Certain documents will need to be provided to Service Canada. It’s important to collect these documents before you begin your online application so you have everything you need when applying. Documents required include the following:

  • Your authorization to have a medical certificate released by a health care practitioner
  • Medical certificate that confirms that the person is critically sick or injured and requires care or support from a caregiver
  • Record of Employment (ROE) that provides information about your work history and helps determine your eligibility for you to receive Employment Insurance (EI) benefits
  • Attestation form if you are not related to the individual who requires care or support

2. Gather Your Personal Information

Certain pieces of personal information will be required when applying for compassionate care benefits. Be sure to have all of this information readily available when applying online. Information will include the following:

  • Names and addresses of all employers over the past 52 weeks
  • Dates you were employed with each employer
  • Why you are no longer employed with your employer(s)
  • Why you quit or were dismissed from any job over the past 52 weeks
  • Your home and mailing address, if they differ
  • Social insurance number (SIN)
  • Last name at birth of one of your parents
  • Information about the person needing care, including: their full name, date of birth, and home address
  • Your banking information, including: the name of your bank, the branch (transit) number, and your account number

3. Complete The Application Online

Once you stop working it’s important to apply for compassionate care benefits right away. Any delay in filing your claim by more than 4 weeks after you stop working can risk you losing any benefits.

The online application is very short, but if you are unable to complete the application in one sitting, you can save your information for 72 hours from the time your application starts. You can then come back at a later date within 72 hours and access your incomplete application using a temporary password.

If your application is not completed within 72 hours, it will be deleted and you’ll need to start over.  

4. Submit Your Supporting Documents

Once your online application is complete, you can submit your supporting documents to Service Canada by mail or in person at a local Service Canada Centre. 

5. Wait For A Benefit Statement And Access Code To Arrive By Mail

Service Canada will send you a benefit statement through the mail after you’ve completed your application. The statement will include a 4-digit access code that you will need along with your SIN to find out the status of your application.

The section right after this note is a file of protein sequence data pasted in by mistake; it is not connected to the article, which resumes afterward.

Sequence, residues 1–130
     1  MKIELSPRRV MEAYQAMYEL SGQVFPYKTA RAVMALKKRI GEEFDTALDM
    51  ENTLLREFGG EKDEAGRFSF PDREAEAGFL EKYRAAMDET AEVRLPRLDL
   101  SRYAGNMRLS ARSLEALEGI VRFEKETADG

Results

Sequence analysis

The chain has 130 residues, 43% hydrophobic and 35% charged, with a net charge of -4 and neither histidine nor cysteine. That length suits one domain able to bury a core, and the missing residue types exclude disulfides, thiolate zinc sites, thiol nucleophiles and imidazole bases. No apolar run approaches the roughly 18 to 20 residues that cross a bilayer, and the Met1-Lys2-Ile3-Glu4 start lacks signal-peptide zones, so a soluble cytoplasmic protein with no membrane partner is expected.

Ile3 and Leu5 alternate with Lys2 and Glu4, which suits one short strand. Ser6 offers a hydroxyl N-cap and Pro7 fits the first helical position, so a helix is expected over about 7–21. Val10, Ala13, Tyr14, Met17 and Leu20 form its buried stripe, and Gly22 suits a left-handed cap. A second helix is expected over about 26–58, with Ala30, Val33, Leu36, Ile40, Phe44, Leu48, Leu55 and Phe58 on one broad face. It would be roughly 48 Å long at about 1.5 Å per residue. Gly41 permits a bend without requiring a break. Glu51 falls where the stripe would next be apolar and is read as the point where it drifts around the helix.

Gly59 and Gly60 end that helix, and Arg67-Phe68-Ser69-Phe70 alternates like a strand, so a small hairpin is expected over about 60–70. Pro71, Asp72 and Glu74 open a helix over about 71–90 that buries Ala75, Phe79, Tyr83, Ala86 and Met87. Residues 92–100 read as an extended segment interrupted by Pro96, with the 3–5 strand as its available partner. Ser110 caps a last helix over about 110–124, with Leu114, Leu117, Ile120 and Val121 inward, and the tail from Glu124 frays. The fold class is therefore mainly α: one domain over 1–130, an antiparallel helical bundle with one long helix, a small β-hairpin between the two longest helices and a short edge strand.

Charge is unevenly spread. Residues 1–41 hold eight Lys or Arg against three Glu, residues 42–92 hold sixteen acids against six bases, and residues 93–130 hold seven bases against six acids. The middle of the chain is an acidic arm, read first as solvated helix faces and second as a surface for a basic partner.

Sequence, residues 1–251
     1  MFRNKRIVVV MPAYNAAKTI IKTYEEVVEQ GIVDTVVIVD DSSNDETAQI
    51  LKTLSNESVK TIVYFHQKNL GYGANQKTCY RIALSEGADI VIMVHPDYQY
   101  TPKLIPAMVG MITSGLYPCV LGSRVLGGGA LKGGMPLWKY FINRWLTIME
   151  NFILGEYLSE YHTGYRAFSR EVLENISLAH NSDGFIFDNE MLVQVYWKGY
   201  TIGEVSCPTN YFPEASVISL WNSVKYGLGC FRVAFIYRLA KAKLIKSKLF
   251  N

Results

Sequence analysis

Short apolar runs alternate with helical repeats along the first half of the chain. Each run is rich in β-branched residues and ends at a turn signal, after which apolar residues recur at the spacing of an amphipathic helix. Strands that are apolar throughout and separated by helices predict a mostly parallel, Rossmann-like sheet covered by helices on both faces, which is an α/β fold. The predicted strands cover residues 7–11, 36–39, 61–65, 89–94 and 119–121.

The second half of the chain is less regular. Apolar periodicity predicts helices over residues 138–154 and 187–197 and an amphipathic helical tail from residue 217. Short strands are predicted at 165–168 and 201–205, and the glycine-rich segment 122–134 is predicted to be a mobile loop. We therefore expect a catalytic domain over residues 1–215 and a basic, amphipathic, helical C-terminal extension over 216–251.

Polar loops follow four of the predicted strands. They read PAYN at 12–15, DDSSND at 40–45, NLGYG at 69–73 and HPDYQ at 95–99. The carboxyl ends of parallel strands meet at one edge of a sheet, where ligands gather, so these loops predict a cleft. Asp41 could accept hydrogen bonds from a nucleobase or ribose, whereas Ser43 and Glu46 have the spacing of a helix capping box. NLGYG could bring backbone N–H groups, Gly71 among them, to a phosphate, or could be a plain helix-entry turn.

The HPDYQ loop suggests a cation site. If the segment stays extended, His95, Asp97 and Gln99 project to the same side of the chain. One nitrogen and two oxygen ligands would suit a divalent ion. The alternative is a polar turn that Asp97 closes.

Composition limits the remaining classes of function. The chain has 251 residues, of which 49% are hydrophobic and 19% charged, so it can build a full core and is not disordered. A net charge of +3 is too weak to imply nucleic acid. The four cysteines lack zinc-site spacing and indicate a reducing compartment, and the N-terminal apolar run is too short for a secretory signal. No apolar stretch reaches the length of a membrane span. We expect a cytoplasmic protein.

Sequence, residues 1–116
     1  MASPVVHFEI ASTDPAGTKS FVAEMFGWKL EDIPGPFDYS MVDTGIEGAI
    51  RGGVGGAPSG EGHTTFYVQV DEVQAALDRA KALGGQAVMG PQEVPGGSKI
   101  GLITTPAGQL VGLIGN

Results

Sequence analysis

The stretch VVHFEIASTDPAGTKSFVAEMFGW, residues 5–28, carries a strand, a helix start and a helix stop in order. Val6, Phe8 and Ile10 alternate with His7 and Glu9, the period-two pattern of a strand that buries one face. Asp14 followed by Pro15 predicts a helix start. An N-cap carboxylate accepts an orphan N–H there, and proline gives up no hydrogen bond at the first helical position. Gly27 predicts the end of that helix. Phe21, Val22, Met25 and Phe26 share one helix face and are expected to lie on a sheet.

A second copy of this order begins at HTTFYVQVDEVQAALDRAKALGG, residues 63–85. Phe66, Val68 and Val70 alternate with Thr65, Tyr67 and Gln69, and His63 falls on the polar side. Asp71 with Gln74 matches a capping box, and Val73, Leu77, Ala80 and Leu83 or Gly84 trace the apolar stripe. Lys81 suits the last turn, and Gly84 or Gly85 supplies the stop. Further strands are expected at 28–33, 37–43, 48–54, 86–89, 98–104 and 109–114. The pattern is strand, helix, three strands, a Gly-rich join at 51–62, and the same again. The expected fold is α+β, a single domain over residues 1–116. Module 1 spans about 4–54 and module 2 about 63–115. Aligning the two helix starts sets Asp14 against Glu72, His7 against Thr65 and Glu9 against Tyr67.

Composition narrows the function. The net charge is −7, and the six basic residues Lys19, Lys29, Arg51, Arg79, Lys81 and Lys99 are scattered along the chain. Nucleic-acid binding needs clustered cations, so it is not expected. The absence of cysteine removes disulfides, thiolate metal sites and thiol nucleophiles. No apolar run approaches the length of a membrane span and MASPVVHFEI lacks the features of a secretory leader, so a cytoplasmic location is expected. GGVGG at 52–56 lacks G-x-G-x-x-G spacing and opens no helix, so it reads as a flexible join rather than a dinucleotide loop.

6. Review Your Application Status

You can check the progress of your application by contacting a representative from Service Canada or by logging into your My Service Canada Account (MSCA). If you are not yet registered with MSCA, you’ll need to create an account once you get your benefit statement and access code.

Compassionate Care Benefits

Can I receive compassionate care benefits if the person I’m caring for lives outside Canada?

Yes. In this case, you will have to submit an application and provide supporting documents as you would if the person requiring care lived in Canada. A medical practitioner in the country that the person lives in will need to certify the illness or injury.

How will I receive my Compassionate Care Benefits?

You can receive payment through the mail or via direct deposit.

What’s the maximum amount I can receive through the Compassionate Care Benefits? 

You can receive up to $595 per week if you’re eligible to receive compassionate care benefits. 

Final Thoughts

If you need to take off work for a certain period of time to care for someone who is sick, injured, or is in their last days, you don’t have to completely sacrifice your income. With compassionate care benefits, you can be financially compensated while serving as a caregiver. 

Rating of 5/5 based on 1 vote.

Lisa has been working as a personal finance writer for more than a decade, creating unique content that helps to educate Canadian consumers in the realms of real estate, mortgages, investing and financial health. For years, she held her real estate license in Toronto, Ontario before giving it up to pursue writing within this realm and related niches. Lisa is very serious about smart money management and helping others do the same.